Harneys hosted its first quarterly seminar of 2017 in the BVI on the subject of judicial review and the recent decision of the High Court concerning tax-information exchange agreements (TIEAs).
The topic was chosen in light of the recent uncertainty as to what information the International Tax Authority (the ITA) should provide when issuing a notice to registered agents and companies to disclose sensitive information relating to taxpayers and finances, as well as the important decision of the BVI High Court in the judicial review claims in Friar Tuck Limited v ITA and Quiver Inc v ITA, in which Harneys acted for both the successful claimants.
The seminar began with an introduction to the complexities surrounding international tax-information exchange requests, and how these are often dealt with. Where a TIEA exists between the BVI and another country, the two states are able to ask each other to require private individuals (including companies) in their territories to provide information in their possession relating to taxpayers and tax periods. If a request is properly made to the BVI, the ITA will issue a notice to the relevant person whom it believes is likely to have the necessary information. The registered agent or company must then decide whether or not it should comply with the notice. The discussion then turned to a consideration of the nature, purpose, and importance of judicial review proceedings, and how the acts and decisions of public bodies like the ITA can be challenged by judicial review. In the Friar Tuck and Quiver Inc claims, the two companies had received notices from the ITA that failed to give any information as to the request the ITA had received or the tax inquiry for which the information was required. This meant that the companies could not satisfy themselves that the request and the notices were valid. Without this, they could not decide whether or not they were required to comply with the notice: if they wrongfully complied with an unlawful notice, they could be disclosing private, confidential information; if they wrongfully refused to comply with a lawful notice, they risked criminal penalties.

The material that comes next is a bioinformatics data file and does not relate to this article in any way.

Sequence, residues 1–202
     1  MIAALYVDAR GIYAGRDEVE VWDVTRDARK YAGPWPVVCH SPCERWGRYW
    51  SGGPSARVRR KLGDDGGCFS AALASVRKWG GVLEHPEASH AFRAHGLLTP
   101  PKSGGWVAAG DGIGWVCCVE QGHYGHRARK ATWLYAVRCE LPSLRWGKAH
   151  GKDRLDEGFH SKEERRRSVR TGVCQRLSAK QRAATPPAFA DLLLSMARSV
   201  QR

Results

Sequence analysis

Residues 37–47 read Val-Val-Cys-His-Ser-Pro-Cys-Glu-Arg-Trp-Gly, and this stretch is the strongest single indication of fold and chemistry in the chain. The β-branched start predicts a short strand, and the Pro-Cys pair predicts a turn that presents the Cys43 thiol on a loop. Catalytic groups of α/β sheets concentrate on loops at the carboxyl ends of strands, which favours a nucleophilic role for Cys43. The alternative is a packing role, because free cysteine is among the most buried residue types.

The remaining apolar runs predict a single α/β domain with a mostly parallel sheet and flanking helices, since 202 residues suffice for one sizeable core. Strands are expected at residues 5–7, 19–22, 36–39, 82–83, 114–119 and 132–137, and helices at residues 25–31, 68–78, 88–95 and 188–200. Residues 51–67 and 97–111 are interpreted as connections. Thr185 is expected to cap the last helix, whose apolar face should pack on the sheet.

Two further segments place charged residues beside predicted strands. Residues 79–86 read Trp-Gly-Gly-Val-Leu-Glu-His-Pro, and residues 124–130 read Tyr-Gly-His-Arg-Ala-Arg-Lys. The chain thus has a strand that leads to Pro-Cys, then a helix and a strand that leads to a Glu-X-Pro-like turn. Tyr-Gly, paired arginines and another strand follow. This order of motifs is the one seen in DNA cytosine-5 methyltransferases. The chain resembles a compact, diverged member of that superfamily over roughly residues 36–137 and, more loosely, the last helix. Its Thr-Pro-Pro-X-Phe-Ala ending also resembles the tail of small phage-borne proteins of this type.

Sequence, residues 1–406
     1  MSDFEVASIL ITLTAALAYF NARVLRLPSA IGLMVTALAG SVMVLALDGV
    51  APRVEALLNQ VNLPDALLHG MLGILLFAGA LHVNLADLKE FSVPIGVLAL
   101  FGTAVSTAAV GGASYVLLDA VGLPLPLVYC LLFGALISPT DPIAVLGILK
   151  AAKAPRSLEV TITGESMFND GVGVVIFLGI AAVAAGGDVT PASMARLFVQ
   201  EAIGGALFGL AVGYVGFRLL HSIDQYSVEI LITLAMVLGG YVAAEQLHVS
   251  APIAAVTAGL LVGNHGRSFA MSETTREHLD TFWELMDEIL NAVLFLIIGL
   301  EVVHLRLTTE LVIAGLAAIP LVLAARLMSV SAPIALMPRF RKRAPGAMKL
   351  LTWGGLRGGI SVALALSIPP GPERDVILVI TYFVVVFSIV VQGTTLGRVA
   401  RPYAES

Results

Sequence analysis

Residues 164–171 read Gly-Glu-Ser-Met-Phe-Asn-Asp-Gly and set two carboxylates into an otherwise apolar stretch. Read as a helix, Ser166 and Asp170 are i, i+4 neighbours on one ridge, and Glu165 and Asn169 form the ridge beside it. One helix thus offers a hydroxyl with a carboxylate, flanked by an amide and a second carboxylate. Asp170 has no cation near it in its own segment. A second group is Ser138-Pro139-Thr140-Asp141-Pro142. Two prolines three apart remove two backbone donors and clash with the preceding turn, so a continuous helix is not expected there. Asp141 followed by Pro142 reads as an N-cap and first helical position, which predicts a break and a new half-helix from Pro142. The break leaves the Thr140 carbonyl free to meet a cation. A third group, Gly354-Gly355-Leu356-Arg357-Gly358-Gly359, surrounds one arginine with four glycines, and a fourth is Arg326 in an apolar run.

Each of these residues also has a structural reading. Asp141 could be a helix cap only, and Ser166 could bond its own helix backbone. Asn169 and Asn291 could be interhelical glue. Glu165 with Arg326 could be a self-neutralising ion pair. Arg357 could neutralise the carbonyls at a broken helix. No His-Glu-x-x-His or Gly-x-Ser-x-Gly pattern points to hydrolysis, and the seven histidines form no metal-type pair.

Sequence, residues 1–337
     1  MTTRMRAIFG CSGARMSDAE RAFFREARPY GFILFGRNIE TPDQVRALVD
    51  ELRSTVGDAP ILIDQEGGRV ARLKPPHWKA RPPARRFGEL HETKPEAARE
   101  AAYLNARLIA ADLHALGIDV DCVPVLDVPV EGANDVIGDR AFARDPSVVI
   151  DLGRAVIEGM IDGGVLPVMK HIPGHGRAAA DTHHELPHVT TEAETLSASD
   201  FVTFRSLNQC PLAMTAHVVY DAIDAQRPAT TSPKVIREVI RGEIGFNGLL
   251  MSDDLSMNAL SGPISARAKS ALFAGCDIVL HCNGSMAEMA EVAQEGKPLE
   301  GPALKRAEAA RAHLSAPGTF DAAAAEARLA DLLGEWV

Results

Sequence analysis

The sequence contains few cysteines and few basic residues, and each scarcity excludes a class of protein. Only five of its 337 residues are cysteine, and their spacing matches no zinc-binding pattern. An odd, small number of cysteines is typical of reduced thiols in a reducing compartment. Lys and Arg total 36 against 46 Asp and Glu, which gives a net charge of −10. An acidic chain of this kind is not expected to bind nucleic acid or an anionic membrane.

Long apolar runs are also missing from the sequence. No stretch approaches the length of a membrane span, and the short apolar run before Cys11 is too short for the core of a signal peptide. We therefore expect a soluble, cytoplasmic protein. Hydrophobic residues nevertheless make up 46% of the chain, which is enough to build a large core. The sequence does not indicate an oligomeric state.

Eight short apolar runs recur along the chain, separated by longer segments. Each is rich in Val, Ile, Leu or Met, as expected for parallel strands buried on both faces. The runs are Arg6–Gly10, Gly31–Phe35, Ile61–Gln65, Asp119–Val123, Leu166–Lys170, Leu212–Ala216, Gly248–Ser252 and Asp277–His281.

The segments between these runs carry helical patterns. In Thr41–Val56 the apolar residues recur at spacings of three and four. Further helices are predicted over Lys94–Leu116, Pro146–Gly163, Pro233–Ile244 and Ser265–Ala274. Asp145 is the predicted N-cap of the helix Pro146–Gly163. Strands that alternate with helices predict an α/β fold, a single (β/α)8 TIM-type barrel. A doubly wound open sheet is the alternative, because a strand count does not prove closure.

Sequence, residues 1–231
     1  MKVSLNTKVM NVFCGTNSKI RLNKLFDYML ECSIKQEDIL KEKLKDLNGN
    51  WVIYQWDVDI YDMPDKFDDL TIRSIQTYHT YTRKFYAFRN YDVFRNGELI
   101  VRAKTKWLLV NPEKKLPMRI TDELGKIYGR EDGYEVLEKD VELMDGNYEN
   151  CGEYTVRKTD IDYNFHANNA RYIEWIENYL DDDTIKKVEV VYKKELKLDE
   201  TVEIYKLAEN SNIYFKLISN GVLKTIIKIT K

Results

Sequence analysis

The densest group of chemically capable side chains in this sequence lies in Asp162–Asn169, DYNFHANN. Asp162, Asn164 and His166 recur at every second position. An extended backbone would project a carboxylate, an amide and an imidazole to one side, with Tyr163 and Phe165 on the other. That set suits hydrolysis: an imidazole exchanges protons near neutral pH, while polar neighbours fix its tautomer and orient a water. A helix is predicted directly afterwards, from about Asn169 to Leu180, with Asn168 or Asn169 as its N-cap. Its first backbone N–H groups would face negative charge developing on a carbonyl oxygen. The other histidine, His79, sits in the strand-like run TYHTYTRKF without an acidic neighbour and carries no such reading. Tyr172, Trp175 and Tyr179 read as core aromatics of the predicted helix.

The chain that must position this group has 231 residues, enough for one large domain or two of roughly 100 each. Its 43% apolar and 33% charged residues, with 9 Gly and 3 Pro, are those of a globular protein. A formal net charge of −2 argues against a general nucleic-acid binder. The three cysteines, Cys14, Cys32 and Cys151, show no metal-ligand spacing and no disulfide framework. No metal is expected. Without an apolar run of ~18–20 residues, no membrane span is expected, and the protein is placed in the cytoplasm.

The companies brought judicial review proceedings on the basis that the ITA had breached its duties of procedural fairness. Giving judgment in the claims, the Honourable Justice Vick-Ann Ellis stated that the ITA should provide companies and registered agents with such information as is necessary to demonstrate that the request and the notice are lawful, including as a minimum details of the state that had made the request that had led to the ITA’s notice, the tax period under investigation, and a summary of the nature of the foreign state’s investigation. An insight into the commercial ramifications of the decision of the High Court, both in the context of the BVI’s regulatory landscape and against the broader backdrop of international attempts to prevent money laundering and unlawful tax evasion, was provided by Harneys’ guest speaker, Jake Williams, chairman of the Madison Pacific Group and former deputy group chief risk officer at Standard Chartered Bank.